Chapter 16
Learning Objectives  (part 1 of 3) <ul><li>Discuss why financial markets exist and the benefit they provide to society </l...
Learning Objectives  (part 2 of 3) <ul><li>Distinguish between the types of brokers and brokerage firms </li></ul><ul><li>...
Learning Objectives  (part 3 of 3) <ul><li>Explain the process of selling short </li></ul><ul><li>Describe how dollar cost...
Financial Markets <ul><li>They exist to facilitate the transfer of money from people with more cash than they currently ne...
Primary vs. Secondary Markets <ul><li>Primary Markets </li></ul><ul><ul><li>Newly issued securities sold by the issuer (e....
IPOs and DPOs <ul><li>Initial Public Offering </li></ul><ul><ul><li>Firm sells stock to public for the first time </li></u...
Where are stocks traded? <ul><li>National Exchanges </li></ul><ul><ul><li>New York Stock Exchange (NYSE) </li></ul></ul><u...
Listing Standards <ul><li>Toughest for national exhanges </li></ul><ul><li>For NYSE: </li></ul><ul><ul><li>At least 2,000 ...
Methods of Trading <ul><li>Specialist (e.g., used on NYSE) </li></ul><ul><ul><li>Assigned specific stocks </li></ul></ul><...
Stock Market Indexes <ul><li>Dow Jones Industrial Average (DJIA) </li></ul><ul><ul><li>Dollar-weighted index </li></ul></u...
Types of brokerage firms (1 of 2) <ul><li>Distinction becoming blurred over time </li></ul><ul><li>Full-service brokers </...
Types of brokerage firms (2 of 2) <ul><li>Discount brokers </li></ul><ul><ul><li>All brokers respond to all accounts </li>...
Ordering out vs. street name <ul><ul><li>Ordering out (taking possession) </li></ul></ul><ul><ul><ul><li>Direct communicat...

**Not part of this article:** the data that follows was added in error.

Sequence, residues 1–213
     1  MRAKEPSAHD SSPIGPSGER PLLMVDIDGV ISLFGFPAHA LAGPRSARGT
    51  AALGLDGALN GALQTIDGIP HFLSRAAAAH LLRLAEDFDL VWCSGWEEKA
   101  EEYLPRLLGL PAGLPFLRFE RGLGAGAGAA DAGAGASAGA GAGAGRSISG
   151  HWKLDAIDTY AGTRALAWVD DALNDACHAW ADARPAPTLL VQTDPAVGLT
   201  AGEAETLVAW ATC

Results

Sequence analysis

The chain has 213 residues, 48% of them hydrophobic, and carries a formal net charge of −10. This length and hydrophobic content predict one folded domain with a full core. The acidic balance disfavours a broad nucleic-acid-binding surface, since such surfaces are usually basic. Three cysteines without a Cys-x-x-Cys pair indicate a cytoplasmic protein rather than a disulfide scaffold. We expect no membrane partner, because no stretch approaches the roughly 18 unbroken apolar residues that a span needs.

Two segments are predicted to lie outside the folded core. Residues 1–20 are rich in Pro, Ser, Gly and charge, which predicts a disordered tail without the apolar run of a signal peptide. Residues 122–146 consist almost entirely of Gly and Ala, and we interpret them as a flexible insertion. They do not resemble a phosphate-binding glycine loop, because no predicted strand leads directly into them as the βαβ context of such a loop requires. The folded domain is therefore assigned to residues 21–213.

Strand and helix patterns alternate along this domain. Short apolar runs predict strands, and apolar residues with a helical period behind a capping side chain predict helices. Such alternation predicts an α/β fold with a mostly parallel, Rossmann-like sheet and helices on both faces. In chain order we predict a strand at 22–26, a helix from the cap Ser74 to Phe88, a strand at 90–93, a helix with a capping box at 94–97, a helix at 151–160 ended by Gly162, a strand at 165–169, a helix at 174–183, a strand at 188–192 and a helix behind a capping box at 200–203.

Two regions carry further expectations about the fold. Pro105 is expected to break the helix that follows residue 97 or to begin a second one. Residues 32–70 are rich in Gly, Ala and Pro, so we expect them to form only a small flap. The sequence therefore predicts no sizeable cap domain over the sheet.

Direct Purchase Plan <ul><li>Similar to IPO, buy stock directly from company but stock has active market </li></ul><ul><li...
Dividend Reinvestment Program <ul><li>Like a dollar averaging program </li></ul><ul><li>Shares must be on deposit with the...
Types of Orders for Trading (1 of 2) <ul><li>Market Order </li></ul><ul><ul><li>Will be immediately executed </li></ul></u...
Types of Orders for Trading (2 of 2) <ul><li>Limit order </li></ul><ul><ul><li>Specify price lower than market for buy </l...
Buying on margin (1 of 3) <ul><li>Computing the initial margin: </li></ul><ul><ul><li>  Buy 100 shares of stock at $10 per...
Buying on margin (2 of 3) <ul><li>The Effect of Buying on Margin: </li></ul><ul><li>ROE =  ROA / m </li></ul><ul><li>where...
Buying on margin (3 of 3) <ul><li>Buy 100 shares at $10 per share & stock goes to $15 per share => </li></ul><ul><li>  ROA...
Mechanics for selling a stock short (1 of 2))   <ul><li>TODAY: </li></ul><ul><li>  </li></ul><ul><li>Investor places an or...
Mechanics for selling a stock short (2 of 2)   <ul><li>IN THE FUTURE: </li></ul><ul><li>Investor decides to close out the ...
Dollar Averaging (1 of 2) <ul><li>Commit to a program of buying a fixed dollar amount of an investment at predefined inter...